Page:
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Wednesday, December 1, 2010

How to Mine for Placer Gold

Introduction to the Process:

Placer gold is gold that has been weathered from lode or hard rock deposits and usually concentrated in the sand & gravel found in stream beds.  Other placer deposits are found in sand & gravel deposits found in arroyos in desert terrains, in this case gold is concentrated by wind action.  Prospecting for gold in either of these terrains is strictly dependent on how much money the prospector can expend.  Equipment needs can be as simple as a gold pan and shovel and can be upgraded to heavy equipment and seismic surveys to determine the depth to bedrock and the velocity of sound through the
unconsolidated soil.  This is used sometimes to find abandoned river channels.
This is a placer mining dredge in action in Nome, Alaska in 1993 from the size of this dredge you can see that mining placer gold can quickly reach an industrial scale, 

The difference between mining and prospecting in placer deposits is only a matter of whether the operator is only taking samples in an area or stays in one locality for the recovery of gold or other values.  Mining also involves the use of more equipment then a simple gold pan and more sophisticated equipment for processing more sand & gravel per hour.  This can range from a simple sluice box capable of processing up to a cubic yard per hour to gold mining dredges capable of processing thousands of tons of sand & gravel per hour.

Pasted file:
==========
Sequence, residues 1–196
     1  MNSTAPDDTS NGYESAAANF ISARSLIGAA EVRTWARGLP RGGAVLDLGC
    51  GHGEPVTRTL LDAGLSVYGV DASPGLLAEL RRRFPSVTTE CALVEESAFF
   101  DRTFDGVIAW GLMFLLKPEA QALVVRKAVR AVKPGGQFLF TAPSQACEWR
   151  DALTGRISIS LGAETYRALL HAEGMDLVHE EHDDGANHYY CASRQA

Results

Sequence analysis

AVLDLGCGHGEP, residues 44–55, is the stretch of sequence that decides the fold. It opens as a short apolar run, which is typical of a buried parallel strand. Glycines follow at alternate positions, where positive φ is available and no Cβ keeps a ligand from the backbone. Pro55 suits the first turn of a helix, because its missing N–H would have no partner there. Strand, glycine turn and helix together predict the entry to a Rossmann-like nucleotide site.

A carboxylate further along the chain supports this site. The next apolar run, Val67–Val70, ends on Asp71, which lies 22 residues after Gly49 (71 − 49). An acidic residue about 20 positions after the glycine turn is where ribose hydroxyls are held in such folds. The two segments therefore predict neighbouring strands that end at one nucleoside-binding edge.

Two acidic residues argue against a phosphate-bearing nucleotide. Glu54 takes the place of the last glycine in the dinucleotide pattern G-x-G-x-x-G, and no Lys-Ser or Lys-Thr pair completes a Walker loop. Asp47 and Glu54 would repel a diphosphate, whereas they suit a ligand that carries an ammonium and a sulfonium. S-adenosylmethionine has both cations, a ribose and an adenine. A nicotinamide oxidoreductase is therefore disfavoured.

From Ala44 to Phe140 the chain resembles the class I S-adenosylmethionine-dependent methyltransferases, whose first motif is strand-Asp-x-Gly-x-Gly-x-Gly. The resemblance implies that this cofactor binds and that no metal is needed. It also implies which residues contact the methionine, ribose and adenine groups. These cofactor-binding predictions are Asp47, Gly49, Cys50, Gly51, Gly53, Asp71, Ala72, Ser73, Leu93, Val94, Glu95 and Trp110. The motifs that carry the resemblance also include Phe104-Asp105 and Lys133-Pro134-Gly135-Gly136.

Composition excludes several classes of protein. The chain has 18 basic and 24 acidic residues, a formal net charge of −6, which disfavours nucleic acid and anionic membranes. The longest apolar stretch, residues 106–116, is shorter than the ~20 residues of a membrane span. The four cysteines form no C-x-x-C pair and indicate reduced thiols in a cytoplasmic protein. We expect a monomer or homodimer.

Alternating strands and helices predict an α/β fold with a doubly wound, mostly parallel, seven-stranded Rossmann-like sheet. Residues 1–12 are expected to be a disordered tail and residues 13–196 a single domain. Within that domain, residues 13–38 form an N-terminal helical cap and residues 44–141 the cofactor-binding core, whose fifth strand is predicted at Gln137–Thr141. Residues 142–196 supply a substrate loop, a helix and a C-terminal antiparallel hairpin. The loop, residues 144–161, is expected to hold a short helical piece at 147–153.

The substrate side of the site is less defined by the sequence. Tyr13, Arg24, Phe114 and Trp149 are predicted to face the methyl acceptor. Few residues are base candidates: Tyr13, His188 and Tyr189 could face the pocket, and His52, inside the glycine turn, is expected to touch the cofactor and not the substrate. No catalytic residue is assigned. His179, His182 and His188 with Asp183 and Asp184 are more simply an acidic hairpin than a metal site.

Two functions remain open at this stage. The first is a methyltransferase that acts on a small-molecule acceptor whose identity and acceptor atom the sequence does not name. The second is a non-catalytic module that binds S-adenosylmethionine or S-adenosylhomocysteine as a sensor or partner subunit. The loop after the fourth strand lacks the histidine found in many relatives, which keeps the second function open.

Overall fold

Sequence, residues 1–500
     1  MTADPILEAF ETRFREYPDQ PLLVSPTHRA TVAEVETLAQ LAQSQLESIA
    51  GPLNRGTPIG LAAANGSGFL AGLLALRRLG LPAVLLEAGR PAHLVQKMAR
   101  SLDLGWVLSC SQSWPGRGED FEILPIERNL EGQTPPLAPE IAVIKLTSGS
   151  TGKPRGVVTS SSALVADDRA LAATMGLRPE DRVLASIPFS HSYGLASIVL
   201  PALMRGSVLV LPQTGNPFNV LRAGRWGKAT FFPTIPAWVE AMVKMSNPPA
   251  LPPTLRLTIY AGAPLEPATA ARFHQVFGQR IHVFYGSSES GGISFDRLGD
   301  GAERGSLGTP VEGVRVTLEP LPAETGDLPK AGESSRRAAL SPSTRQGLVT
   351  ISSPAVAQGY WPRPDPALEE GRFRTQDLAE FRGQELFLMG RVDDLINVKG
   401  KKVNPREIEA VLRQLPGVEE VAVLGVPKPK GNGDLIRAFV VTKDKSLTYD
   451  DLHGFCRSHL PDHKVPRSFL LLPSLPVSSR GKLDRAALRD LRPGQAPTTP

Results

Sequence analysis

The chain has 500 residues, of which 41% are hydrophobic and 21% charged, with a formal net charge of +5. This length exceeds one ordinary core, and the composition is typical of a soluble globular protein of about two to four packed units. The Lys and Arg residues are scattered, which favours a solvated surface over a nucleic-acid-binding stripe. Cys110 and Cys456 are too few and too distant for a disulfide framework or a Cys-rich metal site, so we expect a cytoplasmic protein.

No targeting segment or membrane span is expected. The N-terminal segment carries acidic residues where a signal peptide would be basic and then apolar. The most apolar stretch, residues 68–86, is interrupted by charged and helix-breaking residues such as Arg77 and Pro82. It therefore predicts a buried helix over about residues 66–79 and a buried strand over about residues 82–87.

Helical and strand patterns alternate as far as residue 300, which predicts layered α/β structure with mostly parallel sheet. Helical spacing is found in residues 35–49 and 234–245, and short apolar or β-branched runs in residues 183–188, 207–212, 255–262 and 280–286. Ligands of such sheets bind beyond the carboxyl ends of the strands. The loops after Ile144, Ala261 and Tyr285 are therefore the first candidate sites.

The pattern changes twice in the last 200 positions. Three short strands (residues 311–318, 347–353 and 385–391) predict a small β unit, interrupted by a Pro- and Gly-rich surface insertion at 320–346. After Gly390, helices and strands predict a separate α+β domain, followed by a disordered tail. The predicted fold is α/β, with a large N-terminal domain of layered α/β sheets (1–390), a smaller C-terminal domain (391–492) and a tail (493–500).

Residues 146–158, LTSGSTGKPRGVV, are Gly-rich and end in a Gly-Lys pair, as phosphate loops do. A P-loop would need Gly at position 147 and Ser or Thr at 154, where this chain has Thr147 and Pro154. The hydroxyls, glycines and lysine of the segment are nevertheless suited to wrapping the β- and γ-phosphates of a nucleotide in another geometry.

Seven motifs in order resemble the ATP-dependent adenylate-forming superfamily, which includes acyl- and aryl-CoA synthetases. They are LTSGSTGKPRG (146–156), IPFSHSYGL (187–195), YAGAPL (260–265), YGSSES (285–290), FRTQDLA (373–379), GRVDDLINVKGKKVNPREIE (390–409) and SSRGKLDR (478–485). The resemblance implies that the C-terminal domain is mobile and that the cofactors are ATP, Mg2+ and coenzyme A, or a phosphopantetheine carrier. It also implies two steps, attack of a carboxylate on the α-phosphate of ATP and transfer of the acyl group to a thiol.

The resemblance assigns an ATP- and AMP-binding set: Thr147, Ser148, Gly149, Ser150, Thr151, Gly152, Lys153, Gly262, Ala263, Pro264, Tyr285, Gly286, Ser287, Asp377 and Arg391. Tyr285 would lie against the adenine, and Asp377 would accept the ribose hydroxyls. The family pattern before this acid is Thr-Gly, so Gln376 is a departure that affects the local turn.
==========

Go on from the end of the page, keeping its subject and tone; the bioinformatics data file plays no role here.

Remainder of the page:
This illustrates the other extreme of gold panning for gold with a gold pan.

Placer mining takes advantage of the specific gravity (SG) of gold that is 19 making gold 19 times as dense as water.  Most of the mineral grains composing sand are around SG 3 and are easily washed away by running water or high wind leaving the gold behind.  Most gold is found close to bedrock or on top of an impervious layer of clay,.  

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